Asus RT-AX86U Review: The Best Dual-Band Wi-Fi 6 Router to Date

Asus RT AX86U 24
Dong Ngo | Dong Knows Tech The RT-AX86U is a large router with a relatively small footprint.

The RT-AX86U AX5700 Dual-Band Wi-Fi 6 Gaming Router is the more powerful option out of the two new gaming routers Asus announced late last month. And it proved to be a stellar contender in my testing.

READ NOW:  Asus RT-AX82U Gaming Router Review: A Fancy Little Wi-Fi 6 Performer

Unlike the GT-AX11000, the RT-AX86U is not a full gaming router, in my opinion. First, it doesn’t include the Asus ROG signature lighting or fancy theme decoration. (For that might need to wait for the RT-AX82U). Also, it doesn’t have every game-related feature found in the tri-band cousin.

But gamers sure will still have fun with it. Most importantly, no matter how you view it, the Asus RT-AX86U an all-around excellent standalone (and mesh-ready) Wi-Fi 6 machine that truly delivers. So, at a current price of $250, it’s a steal. Get it!

ASUS RT-AX86U AX5700 Dual Band Wi-Fi 6 Gaming Router

9

Performance

9.0/10

Features

9.5/10

Easy of use

8.5/10

Value

9.0/10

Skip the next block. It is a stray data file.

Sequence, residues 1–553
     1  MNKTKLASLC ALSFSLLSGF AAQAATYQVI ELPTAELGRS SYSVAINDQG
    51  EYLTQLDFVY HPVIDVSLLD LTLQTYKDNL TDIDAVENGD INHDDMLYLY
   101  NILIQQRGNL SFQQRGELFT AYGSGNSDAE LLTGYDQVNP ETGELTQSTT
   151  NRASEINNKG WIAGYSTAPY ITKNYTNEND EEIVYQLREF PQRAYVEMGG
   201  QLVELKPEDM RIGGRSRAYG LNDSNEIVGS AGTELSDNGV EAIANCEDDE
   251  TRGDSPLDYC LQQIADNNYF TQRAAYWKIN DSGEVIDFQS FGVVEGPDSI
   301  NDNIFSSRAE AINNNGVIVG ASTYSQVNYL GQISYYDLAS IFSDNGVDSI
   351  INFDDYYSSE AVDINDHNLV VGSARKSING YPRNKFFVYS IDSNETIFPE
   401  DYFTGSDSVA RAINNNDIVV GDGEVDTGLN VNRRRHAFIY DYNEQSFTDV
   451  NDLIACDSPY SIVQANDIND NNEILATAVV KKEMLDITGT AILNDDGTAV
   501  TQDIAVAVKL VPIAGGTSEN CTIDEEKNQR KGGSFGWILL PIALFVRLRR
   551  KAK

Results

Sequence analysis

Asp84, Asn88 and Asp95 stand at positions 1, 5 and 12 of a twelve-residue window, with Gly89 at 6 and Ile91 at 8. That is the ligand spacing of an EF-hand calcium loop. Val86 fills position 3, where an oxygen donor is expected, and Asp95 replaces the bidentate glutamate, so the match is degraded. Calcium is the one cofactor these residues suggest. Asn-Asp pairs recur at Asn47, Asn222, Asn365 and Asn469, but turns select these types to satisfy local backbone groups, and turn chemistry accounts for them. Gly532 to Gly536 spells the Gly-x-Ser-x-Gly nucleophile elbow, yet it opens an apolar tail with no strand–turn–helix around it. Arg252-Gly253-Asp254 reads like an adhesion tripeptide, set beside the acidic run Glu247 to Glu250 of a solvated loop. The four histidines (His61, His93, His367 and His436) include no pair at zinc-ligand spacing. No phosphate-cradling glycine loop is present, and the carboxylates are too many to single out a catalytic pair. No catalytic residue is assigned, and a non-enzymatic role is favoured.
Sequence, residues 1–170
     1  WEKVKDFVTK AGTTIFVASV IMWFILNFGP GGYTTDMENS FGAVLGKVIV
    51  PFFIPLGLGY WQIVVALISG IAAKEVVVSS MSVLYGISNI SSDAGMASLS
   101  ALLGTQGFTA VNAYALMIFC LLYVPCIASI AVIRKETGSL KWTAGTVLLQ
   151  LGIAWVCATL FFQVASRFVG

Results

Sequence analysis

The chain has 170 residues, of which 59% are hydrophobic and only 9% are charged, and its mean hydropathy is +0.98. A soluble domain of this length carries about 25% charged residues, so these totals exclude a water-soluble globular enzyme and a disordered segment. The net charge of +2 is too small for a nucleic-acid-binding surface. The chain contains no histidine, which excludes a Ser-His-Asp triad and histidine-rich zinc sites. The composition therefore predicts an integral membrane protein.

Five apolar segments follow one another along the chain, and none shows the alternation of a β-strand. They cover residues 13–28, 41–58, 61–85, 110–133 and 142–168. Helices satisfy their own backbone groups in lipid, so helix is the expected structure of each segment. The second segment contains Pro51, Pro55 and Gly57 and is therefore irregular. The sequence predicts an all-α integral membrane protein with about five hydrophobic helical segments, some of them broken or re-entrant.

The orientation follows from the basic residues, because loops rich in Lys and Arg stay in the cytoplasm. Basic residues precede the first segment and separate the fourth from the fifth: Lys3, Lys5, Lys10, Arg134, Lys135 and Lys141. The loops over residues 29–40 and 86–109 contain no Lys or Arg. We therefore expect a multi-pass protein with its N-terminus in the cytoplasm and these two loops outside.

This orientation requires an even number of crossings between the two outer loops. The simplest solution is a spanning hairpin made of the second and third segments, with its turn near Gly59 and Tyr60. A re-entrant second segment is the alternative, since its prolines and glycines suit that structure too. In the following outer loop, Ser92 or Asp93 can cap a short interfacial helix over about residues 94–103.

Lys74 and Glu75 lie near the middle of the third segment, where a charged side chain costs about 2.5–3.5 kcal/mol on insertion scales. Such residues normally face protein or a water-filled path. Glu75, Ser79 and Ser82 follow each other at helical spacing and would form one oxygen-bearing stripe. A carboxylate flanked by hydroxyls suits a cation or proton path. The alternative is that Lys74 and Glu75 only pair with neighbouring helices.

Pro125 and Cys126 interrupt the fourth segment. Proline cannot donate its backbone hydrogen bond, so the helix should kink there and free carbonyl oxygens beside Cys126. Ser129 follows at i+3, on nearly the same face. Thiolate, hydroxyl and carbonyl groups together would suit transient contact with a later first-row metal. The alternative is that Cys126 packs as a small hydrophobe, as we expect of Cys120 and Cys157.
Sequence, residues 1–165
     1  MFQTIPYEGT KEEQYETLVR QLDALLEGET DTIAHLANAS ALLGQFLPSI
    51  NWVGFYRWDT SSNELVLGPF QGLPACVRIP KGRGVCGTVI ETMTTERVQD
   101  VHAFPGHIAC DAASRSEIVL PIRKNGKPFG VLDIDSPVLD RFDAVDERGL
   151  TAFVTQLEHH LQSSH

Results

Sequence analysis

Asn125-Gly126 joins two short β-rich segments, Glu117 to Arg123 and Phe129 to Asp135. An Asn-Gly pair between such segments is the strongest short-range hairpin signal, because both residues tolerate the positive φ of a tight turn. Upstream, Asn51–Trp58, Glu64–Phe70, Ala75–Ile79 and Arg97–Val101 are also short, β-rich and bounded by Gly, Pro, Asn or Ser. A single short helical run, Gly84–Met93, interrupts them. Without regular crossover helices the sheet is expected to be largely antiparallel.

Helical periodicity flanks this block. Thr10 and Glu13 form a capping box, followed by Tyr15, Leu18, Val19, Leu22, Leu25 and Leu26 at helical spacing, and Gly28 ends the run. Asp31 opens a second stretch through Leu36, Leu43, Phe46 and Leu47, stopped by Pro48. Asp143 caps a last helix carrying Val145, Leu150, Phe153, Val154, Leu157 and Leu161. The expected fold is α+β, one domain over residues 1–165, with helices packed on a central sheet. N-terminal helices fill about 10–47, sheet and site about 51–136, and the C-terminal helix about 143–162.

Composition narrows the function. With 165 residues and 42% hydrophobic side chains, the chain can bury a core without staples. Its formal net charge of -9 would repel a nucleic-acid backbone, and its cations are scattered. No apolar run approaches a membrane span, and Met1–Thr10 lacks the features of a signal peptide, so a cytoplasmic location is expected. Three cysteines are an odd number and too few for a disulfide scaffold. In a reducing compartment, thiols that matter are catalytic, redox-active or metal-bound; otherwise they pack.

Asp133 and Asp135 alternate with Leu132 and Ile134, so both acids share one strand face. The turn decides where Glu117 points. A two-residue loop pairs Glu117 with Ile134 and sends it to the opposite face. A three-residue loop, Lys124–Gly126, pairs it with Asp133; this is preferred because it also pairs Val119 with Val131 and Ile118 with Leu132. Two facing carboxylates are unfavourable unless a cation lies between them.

Pros

  • Fast performance, excellent range, reliable
  • Tons of helpful networking features and settings
  • Useful settings for online gaming
  • Robust web UI, well-designed mobile app
  • Multi-gig, WAN/LAN Link Aggregation support
  • Excellent NAS performance and features when hosting a storage device
  • Comparatively affordable

Cons

  • No support for WTFast Gamer VPN
  • Not wall-mountable
  • Gaming features turn Adaptive QoS off
  • Multi-gig port caps at only 2.5 Gbps

Asus RT-AX86U: The RT-AC86U’s worthy upgrade

The RT-AX86U reminds me of the RT-AX88U that came out last year. For the most part, both are the Wi-Fi 6 version of Asus’s Wi-Fi 5 counterparts, the RT-AC86U, and RT-AC88U, respectively.

While the RT-AX88U didn’t have much to qualify as a must-upgrade — it’s basically like the older cousin plus the support for Wi-Fi 6 — the RT-AX86U now is an entirely new beast that will tempt you.

To put it in perspective, the RT-AC86U is a great router I still recommend today. And I will keep doing so for as long as Wi-Fi 5 remains relevant. With that in mind, I have no problem calling the RT-AX86U an excellent upgrade, especially if you have a Gigabit-class broadband connection.

Asus RT-AX86U’s hardware specifications

Compact footprint, multi-gig ready

The RT-AX86U shares the same upright design as its Wi-Fi 5 version. It’s not a small router but still manages to have a relatively compact footprint. In return, it’s not wall-mountable, you need a surface for it. The router has good heft and will stay put. It won’t topple easily.

Asus RT AX86U 18
Dong Ngo | Dong Knows Tech There’s an array of tiny LED lights on the router’s front.